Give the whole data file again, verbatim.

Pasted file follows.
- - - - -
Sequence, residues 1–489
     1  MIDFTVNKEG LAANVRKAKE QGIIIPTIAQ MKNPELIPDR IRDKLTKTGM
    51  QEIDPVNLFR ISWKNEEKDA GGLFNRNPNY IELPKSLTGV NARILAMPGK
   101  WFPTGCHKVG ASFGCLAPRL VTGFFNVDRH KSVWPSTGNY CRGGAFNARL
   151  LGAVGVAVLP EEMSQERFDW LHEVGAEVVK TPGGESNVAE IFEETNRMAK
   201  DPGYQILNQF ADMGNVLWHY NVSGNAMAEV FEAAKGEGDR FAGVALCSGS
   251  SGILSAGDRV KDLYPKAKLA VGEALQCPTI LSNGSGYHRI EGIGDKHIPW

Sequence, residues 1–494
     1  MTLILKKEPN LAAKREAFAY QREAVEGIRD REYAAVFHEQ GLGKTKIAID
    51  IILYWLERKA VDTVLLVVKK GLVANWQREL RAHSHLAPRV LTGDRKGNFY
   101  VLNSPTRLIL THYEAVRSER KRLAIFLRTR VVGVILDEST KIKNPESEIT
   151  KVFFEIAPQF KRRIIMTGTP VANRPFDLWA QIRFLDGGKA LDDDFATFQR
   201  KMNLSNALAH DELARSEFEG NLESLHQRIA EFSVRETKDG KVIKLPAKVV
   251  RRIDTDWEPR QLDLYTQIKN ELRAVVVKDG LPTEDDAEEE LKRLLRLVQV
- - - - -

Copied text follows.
Sequence, residues 1–489
     1  MIDFTVNKEG LAANVRKAKE QGIIIPTIAQ MKNPELIPDR IRDKLTKTGM
    51  QEIDPVNLFR ISWKNEEKDA GGLFNRNPNY IELPKSLTGV NARILAMPGK
   101  WFPTGCHKVG ASFGCLAPRL VTGFFNVDRH KSVWPSTGNY CRGGAFNARL
   151  LGAVGVAVLP EEMSQERFDW LHEVGAEVVK TPGGESNVAE IFEETNRMAK
   201  DPGYQILNQF ADMGNVLWHY NVSGNAMAEV FEAAKGEGDR FAGVALCSGS
   251  SGILSAGDRV KDLYPKAKLA VGEALQCPTI LSNGSGYHRI EGIGDKHIPW

Sequence, residues 1–494
     1  MTLILKKEPN LAAKREAFAY QREAVEGIRD REYAAVFHEQ GLGKTKIAID
    51  IILYWLERKA VDTVLLVVKK GLVANWQREL RAHSHLAPRV LTGDRKGNFY
   101  VLNSPTRLIL THYEAVRSER KRLAIFLRTR VVGVILDEST KIKNPESEIT
   151  KVFFEIAPQF KRRIIMTGTP VANRPFDLWA QIRFLDGGKA LDDDFATFQR
   201  KMNLSNALAH DELARSEFEG NLESLHQRIA EFSVRETKDG KVIKLPAKVV
   251  RRIDTDWEPR QLDLYTQIKN ELRAVVVKDG LPTEDDAEEE LKRLLRLVQV